Inch Test

The Inch Test

Once you’ve installed your car seat, give it a good tug at the point where the seat belt goes through the base. A properly installed car seat should not move more than an inch side-to-side or front-to-back. Try to remember to check for looseness every few months. Make sure to check your car seat manual for additional information.

Pinch Test

The Pinch Test

Once you have safely secured your child in their car seat, making sure the harness is tightly buckled and coming through the correct slots of the seat. With the chest clip placed at armpit level of your child, pinch the strap at your child’s shoulder. You should not be able to pinch any excess webbing, if you can you will need to tighten the strap!

Handle Check

Handle Check

Infant car seats that double as carriers often have a handle that locks down in a special position when the car seat is in the car. Make sure you read the car seat manual to understand what that position is and keep the handle in its safe position every time you travel.

Shoulder Check

Shoulder Check

See where the shoulder strap is threaded through the car seat? As your child grows, you can adjust the straps lower or higher according to their height. But where should the strap hit your child’s shoulder? If your child is rear-facing, you want the strap to come out of the seat at or below their shoulder. For a forward-facing position, the straps should emerge from the seat at or above the shoulder.

Tether Check

Tether Check

If your child is riding in a forward-facing car seat with a 5-point harness, you should see a strap attached to the back of the seat with a hook on the end. This strap is called the tether, and it should be used anytime the car seat is being used in the forward-facing position. The tether holds the top of the car seat tightly to the back of the vehicle seat, so the child’s head won’t move too far forward during a crash. The tether should always be used, whether the car seat is installed using the lower anchors, or the vehicle seat belt. All cars and restraints manufactured after September 1, 2000 have tether capability, and many cars prior to 2000 can have tether anchors added free of charge. Your tether anchor could be a bar, bracket or webbing, and the location of the anchor varies among different vehicle makes and models. Check your vehicle owner’s manual to be sure you are attaching the tether to the appropriate anchor point.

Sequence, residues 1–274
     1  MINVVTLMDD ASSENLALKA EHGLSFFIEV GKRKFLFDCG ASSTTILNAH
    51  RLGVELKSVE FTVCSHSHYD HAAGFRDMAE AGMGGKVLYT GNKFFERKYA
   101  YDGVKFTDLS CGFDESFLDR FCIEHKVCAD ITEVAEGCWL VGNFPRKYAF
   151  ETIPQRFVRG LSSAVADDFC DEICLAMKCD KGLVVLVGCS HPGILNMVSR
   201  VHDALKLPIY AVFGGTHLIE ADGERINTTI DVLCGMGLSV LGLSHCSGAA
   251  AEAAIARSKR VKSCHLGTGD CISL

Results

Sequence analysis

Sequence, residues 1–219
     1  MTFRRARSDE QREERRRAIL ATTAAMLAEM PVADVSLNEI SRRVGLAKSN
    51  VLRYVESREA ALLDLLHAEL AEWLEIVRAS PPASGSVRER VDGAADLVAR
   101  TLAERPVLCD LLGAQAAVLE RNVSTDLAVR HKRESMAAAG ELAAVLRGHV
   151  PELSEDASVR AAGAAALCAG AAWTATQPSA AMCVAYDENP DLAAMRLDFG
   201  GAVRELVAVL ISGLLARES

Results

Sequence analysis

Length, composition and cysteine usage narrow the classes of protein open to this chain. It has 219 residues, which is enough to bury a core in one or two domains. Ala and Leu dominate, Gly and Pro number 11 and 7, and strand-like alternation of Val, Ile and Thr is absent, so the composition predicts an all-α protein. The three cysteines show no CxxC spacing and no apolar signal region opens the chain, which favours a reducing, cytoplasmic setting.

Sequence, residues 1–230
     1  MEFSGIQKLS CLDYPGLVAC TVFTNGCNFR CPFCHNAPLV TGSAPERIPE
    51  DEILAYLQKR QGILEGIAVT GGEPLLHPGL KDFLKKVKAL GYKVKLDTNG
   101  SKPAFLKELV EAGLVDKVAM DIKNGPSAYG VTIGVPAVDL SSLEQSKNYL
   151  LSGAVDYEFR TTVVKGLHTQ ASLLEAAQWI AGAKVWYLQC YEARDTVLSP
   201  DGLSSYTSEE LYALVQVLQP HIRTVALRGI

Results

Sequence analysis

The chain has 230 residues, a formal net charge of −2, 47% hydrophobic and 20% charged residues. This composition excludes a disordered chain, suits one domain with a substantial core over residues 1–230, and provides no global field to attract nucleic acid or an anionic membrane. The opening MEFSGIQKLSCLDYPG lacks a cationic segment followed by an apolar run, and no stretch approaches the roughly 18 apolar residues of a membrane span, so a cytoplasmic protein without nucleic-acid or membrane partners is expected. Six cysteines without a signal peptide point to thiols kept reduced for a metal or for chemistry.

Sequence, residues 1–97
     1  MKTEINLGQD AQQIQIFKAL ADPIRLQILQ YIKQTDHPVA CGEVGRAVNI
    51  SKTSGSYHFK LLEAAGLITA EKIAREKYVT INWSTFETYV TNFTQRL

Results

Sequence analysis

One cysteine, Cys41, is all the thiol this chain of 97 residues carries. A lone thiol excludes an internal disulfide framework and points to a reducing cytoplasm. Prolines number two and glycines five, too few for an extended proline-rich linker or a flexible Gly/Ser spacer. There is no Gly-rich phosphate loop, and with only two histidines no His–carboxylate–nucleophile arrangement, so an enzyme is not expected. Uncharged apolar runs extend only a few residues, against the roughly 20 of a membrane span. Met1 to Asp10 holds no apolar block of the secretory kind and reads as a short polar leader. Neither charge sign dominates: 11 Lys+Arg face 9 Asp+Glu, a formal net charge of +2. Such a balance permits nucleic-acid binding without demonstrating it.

Expiration Check

Expiration Check

All car seats have expiration dates because the plastic and fabric components degrade over time–especially if your car is exposed to extreme heat or cold year after year. To find your car seat’s expiration date, check the sticker on the back or bottom side of the car seat. If an expiration date is not listed, a good rule of thumb is to add 6 years to the date of manufacturing listed on the sticker to reach the expiration date.

Accessorize Safely

Accessorize Safely

We recommend that you do not use any accessories that do not come with your car seat. Mirrors, toys, window shades, harness cushions that did not come with the car seat additional harnesses or straps–most of these “after-market” items have not been crash tested. They can interfere with the way your car seat is designed to protect your child in a crash. Contact your manufacturer to see if they make accessories that have been crash tested and approved to use with your car seat. If your child is a newborn and needs extra support, we recommend rolling up a receiving blanket or two for lining the sides of the seat beside your baby, as long as approved by your car seat manufacturer.

Installing your car seat correctly

Installing your car seat correctly

Making sure your car seat is installed correctly can make all the difference in a crash. Let us help you install your car seat so you can go safely every day.

Installation Tips